Some large churches have pushed back on public health recommendations from local officials. In Kentucky, governor Andy Beshear urged church leaders on Wednesday morning to consider canceling services. The state’s largest congregation, Southeast Christian Church, initially said that services would continue as usual at eight of its nine campuses. On Thursday afternoon, the church reversed course, canceling all in-person gatherings and moving all services online indefinitely. In Dallas, where mayor Eric Johnson announced a ban on gatherings of more than 500 people, First Baptist Dallas pastor Robert Jeffress said his church will still meet, but will break into smaller gatherings to comply with the new rules. “Right now there’s just about five cases in the Dallas area, so we don’t think it’s worth cancelling,” Jeffress told me Thursday, before the city announced its new policy. The church has approximately 13,000 members, and up to 6,000 attendees at Sunday services.
Some pastors have framed their closure announcements in spiritual terms, or used them as an opportunity to shape members’ responses to the virus. In Georgia, pastor Andy Stanley emailed members on Thursday evening to announce that North Point Community Church would cancel live services for at least the next three Sundays. “We are loving our neighbors by protecting our neighbors,” Stanley wrote. “This is what love requires of us in this season.” Willow Creek’s initial coronavirus update condemned discrimination against Asians and Asian Americans as “wrong and deeply contrary to the heart of the gospel.”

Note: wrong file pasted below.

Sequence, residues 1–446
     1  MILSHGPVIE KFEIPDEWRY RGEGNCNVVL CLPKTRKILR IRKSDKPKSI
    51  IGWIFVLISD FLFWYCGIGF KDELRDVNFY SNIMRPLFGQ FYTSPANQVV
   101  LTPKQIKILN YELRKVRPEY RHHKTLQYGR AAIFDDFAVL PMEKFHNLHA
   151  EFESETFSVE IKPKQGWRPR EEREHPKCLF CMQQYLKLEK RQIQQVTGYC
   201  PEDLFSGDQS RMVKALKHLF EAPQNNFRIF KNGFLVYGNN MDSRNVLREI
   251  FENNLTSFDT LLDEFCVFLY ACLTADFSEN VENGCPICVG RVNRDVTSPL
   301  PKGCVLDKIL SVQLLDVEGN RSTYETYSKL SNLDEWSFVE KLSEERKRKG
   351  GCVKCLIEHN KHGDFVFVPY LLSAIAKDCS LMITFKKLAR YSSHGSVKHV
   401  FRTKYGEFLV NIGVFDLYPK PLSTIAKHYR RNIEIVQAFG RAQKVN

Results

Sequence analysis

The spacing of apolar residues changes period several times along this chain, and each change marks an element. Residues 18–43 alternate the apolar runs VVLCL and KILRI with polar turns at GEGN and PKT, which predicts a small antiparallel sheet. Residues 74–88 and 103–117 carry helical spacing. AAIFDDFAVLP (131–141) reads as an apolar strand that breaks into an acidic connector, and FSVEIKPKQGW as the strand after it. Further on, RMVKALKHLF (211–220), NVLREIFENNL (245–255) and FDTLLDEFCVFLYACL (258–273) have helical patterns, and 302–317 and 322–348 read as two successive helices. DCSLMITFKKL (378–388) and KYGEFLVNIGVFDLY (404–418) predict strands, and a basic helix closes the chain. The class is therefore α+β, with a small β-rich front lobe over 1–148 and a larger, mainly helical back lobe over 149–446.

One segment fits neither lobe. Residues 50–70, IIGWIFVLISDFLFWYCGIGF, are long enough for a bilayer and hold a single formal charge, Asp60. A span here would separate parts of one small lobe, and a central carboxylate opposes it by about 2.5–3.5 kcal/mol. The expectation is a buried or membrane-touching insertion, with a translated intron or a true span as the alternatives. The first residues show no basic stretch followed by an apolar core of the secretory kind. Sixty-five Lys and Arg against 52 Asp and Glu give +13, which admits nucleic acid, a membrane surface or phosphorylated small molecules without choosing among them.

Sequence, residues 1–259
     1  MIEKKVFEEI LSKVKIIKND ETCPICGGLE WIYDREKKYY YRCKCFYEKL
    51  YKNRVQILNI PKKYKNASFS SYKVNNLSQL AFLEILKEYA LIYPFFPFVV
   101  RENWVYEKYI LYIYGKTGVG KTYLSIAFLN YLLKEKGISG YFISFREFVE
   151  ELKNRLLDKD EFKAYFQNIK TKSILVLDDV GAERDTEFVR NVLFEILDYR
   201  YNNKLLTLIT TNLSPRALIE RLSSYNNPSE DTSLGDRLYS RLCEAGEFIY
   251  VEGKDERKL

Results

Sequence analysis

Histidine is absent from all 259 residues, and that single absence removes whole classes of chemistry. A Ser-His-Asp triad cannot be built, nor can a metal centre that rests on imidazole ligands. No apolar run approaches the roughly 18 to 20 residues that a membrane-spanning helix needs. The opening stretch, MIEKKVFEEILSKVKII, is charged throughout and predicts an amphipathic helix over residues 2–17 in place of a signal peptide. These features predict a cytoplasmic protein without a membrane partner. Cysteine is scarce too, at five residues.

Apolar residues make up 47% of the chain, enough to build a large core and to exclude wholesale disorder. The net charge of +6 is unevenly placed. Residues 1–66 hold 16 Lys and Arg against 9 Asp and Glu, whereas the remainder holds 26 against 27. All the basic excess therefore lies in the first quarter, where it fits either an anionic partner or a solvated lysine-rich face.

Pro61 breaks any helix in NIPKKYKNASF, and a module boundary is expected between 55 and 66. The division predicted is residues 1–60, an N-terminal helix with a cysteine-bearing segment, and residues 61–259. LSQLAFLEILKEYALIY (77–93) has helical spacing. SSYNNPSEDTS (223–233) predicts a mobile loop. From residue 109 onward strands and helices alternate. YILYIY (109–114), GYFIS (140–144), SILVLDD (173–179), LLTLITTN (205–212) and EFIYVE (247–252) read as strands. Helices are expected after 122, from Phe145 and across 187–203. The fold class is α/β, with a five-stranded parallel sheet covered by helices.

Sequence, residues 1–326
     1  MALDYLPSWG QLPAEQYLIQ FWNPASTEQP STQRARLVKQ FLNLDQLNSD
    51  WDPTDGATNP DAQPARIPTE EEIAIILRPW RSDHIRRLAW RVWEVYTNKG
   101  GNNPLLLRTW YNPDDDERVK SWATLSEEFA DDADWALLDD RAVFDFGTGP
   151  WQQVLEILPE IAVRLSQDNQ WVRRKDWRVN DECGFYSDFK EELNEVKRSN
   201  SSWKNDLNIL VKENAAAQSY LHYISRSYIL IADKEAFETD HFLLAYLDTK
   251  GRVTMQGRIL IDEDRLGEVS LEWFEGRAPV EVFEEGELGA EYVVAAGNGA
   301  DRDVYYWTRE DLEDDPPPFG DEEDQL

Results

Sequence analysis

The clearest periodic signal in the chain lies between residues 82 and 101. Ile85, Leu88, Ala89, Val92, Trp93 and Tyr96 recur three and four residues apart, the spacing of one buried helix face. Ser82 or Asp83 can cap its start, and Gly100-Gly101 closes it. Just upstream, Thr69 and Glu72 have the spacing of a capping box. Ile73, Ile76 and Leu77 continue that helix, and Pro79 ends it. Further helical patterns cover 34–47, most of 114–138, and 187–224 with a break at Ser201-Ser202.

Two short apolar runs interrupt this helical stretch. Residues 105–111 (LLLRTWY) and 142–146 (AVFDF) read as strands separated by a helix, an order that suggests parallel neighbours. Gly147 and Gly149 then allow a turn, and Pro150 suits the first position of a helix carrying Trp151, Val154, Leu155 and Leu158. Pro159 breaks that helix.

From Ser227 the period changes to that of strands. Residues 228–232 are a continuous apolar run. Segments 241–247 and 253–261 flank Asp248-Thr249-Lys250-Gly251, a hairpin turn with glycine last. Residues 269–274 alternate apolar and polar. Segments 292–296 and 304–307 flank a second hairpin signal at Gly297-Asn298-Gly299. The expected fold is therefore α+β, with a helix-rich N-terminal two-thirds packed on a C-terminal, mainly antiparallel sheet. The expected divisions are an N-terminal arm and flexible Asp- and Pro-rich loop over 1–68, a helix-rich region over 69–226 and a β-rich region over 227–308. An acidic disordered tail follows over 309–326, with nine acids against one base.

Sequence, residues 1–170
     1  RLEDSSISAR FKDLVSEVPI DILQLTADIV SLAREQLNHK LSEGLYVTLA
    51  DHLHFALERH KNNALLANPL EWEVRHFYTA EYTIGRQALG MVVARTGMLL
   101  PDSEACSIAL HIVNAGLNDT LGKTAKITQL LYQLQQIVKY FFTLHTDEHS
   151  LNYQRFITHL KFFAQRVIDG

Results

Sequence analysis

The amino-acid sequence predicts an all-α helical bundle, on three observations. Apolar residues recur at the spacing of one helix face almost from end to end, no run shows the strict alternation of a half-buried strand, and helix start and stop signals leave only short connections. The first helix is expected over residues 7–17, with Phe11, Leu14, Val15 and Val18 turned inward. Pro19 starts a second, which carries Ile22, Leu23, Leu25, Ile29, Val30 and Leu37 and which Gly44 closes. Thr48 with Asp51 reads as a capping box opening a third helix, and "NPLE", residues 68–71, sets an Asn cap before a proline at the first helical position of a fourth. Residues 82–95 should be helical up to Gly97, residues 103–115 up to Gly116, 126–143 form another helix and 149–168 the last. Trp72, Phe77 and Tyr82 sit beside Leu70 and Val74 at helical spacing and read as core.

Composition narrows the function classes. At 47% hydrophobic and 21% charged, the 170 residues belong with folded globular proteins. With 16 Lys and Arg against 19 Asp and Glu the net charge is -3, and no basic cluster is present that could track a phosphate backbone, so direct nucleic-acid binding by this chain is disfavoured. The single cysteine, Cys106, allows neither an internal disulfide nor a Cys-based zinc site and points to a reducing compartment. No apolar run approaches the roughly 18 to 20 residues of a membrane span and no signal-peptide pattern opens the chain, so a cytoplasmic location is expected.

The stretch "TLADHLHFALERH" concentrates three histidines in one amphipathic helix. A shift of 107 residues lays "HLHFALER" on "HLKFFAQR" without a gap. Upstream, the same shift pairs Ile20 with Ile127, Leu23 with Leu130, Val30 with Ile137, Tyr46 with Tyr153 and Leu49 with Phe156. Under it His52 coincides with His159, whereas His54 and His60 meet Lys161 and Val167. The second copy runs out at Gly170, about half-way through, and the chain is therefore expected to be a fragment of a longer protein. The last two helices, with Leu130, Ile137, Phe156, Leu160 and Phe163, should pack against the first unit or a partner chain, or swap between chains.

In many ways, large churches are uniquely positioned to pivot away from in-person gatherings. They have communications staffs, sophisticated member databases, and often their own apps to keep members informed. Meanwhile, almost every megachurch in American already broadcasts services online and is well equipped to transition to an online model. Lakewood Church, for example, will broadcast services this weekend via outlets including SiriusXM, Facebook Live, YouTube, AppleTV, and its own website.
But larger churches will also face challenges that smaller congregations don’t. A weekly gathering of thousands of people often feels more like a concert or a conference than a tight-knit community. It is easy to slip out early, or to skip for a few weeks or even months in a row, without anyone else noticing—or wondering whether an absence is cause for concern. Most large churches encourage small-group participation to build those intimate connections. And so in contrast to a smaller church where “everyone knows everybody,” church leaders will likely not be aware of the needs of an average megachurch attendee who is, say, food insecure or in fragile health. “One of the struggles that many megachurches face is individuals falling through the cracks,” said Jamie Aten, the coauthor of a Coronavirus planning manual for churches published this week by the Humanitarian Disaster Institute at evangelical Wheaton College. “Megachurches may have to work even harder at finding ways to leverage technology and other resources to be intentional about maintaining community.”
By now, as the virus spreads quickly across the country, canceling church seems like an obvious precaution to protect the health of worshippers and their communities. That’s especially true when “church” is a gathering of thousands of people. But churches are also the places where many people feel called to gather in times of crisis, and where they make meaning out of chaos and fear. For a while, at least, they will have to do so alone. “People are looking to faith communities for hope and for social support,” Aten said. “But paradoxically it’s that coming together, normally our strength, that could actually put us at risk.”
Correction, March 14, 2020: This post originally misstated when pastor Brian Tome posted his video urging viewers not to fear the coronavirus.